UWF anthropology graduate, faculty member publish article on diversity in forensic anthropology
Dr. Allysha Winburn, assistant professor of anthropology, and Antaya Jennings ’19 recently published a peer-reviewed article in a special issue of the journal "Forensic Anthropology," dedicated to diversity and inclusion.
Dr. Allysha Winburn, assistant professor of anthropology, and Antaya Jennings ’19 recently published a peer-reviewed article in a special issue of the journal “Forensic Anthropology,” dedicated to diversity and inclusion.
Their article, “Ancestral Diversity in Skeletal Collections: Perspectives on African American Body Donation,” tackles the lack of diversity in the field of forensic anthropology, in terms of both practitioner demographics and the skeletal collections on which their research is based.
“The field of forensic anthropology has a diversity problem,” Winburn said. “Most of our practitioners identify as white, and this lack of racial diversity bleeds into everything we do—from the research questions we ask to the donated skeletal collections we analyze (which are also made up almost entirely of white donors).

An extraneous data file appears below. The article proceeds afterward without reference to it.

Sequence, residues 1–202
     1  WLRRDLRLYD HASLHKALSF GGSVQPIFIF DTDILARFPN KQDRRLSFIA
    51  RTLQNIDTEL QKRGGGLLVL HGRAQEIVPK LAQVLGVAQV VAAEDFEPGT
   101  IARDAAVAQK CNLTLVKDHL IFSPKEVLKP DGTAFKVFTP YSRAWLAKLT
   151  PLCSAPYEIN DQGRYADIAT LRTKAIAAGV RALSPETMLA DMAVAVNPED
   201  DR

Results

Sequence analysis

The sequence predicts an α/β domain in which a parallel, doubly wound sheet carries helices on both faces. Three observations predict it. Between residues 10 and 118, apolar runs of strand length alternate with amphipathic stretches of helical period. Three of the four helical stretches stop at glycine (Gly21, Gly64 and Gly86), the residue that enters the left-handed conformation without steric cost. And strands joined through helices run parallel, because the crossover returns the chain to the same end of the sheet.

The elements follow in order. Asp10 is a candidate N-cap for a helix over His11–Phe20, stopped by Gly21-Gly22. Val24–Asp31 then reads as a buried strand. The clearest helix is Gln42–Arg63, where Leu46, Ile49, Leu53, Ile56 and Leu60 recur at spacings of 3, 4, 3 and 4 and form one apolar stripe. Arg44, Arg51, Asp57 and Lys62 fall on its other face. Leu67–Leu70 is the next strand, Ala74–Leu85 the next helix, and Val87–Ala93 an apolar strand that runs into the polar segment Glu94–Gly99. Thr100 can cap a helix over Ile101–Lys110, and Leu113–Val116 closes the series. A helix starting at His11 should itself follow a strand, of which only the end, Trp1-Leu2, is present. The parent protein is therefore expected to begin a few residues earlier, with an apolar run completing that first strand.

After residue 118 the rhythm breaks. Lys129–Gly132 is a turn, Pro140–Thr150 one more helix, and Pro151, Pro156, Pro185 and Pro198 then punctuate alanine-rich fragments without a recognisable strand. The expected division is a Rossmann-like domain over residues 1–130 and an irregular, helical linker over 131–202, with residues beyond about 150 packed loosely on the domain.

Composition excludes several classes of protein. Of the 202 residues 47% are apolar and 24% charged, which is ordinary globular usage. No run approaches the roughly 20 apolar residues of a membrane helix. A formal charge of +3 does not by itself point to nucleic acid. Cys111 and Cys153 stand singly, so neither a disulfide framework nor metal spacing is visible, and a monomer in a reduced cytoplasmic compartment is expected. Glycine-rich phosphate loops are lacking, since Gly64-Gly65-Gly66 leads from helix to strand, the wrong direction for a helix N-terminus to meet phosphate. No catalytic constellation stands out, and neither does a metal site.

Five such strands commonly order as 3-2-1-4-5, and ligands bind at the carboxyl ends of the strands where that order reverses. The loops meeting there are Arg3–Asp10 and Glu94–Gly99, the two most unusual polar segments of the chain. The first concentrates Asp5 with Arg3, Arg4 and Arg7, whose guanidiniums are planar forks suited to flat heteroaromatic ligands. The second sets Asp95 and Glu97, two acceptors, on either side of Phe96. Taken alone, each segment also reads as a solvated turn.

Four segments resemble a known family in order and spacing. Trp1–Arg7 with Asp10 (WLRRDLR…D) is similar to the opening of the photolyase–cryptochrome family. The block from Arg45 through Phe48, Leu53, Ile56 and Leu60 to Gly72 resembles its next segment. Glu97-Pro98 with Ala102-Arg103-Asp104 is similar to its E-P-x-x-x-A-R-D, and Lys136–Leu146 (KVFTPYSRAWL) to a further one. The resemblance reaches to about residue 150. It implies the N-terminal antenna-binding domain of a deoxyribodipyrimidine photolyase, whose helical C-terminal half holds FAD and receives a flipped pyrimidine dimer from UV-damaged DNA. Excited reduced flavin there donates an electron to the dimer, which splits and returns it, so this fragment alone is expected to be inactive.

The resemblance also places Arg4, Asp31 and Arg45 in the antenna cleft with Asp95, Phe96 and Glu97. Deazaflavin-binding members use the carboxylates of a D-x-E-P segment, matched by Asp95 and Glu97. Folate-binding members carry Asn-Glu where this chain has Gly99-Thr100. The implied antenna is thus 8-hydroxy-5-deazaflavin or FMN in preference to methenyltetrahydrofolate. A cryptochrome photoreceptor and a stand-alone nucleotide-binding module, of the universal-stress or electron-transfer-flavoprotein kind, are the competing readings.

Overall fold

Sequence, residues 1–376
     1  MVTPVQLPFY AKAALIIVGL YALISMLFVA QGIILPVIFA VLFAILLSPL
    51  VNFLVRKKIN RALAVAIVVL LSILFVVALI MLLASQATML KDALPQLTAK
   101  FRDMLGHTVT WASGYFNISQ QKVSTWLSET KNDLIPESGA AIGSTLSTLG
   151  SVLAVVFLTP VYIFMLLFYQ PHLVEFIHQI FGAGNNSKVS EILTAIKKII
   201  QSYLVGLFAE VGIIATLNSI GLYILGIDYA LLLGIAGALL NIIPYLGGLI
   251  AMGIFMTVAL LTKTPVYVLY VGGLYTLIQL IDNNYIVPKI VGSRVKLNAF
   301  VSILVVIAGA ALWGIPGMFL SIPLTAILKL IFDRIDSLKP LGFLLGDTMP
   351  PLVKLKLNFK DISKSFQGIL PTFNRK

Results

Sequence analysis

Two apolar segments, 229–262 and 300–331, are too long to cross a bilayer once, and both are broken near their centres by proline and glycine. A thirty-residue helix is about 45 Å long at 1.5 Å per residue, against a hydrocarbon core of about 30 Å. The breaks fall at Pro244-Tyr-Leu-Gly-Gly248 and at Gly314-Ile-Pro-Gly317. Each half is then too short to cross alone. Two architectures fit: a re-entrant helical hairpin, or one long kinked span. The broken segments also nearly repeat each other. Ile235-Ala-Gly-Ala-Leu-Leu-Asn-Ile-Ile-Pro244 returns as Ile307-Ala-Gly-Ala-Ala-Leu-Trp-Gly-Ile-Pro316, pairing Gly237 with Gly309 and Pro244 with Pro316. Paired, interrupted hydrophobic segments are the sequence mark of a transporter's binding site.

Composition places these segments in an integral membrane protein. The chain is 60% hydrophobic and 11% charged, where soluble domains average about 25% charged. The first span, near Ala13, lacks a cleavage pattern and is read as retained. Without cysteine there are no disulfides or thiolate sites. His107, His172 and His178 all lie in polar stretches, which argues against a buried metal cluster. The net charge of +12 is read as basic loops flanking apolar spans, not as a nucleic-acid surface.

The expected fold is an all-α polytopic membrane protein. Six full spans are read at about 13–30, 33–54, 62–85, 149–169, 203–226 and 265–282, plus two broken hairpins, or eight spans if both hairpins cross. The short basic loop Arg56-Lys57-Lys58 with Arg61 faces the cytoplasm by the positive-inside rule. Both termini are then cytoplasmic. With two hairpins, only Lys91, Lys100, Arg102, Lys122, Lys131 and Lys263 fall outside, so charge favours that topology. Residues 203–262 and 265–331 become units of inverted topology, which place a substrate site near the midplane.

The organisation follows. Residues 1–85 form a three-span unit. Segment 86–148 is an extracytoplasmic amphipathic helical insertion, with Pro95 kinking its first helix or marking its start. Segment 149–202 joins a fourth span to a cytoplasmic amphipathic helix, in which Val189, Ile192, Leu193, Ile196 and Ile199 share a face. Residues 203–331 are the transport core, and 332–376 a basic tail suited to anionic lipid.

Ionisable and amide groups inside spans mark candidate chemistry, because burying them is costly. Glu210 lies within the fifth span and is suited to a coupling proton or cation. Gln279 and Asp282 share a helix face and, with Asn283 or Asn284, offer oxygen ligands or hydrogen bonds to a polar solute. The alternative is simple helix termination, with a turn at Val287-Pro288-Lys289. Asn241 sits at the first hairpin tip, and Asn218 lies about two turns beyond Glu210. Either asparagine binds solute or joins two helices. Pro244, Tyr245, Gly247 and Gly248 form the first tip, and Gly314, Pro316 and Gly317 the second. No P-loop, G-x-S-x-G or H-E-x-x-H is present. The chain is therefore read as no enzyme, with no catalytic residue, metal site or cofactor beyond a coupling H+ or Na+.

“I think our article is important because it not only draws attention to the ancestral disparities in our research collections but also offers productive suggestions for rectifying them and considers perspectives from stakeholders of color both within and outside the forensic anthropology community.”
Jennings said the response to the article in the forensic anthropology community has been amazing.
“I had no idea it would be this important,” Jennings said. “ I am extremely excited that other people are sharing our excitement for this work.”
Winburn said every published article is important to academic scholars, but this one in particular will stand out for being student-initiated.
“After a discussion in my undergraduate human osteology course, in which I called for increasing ancestral diversity among body donors to skeletal research facilities, Antaya asked, ‘How can black donors be expected to donate their remains to science when many do not trust a largely white scientific and medical establishment due to a long history of abuses?’” Winburn said. “The resulting collaboration explores the thorny question of how to diversify skeletal body donations from multiple, sometimes conflicting, perspectives. For opening my eyes to those perspectives outside my experience, I remain in her debt.”
To learn more about the UWF anthropology program, visit uwf.edu/anthropology.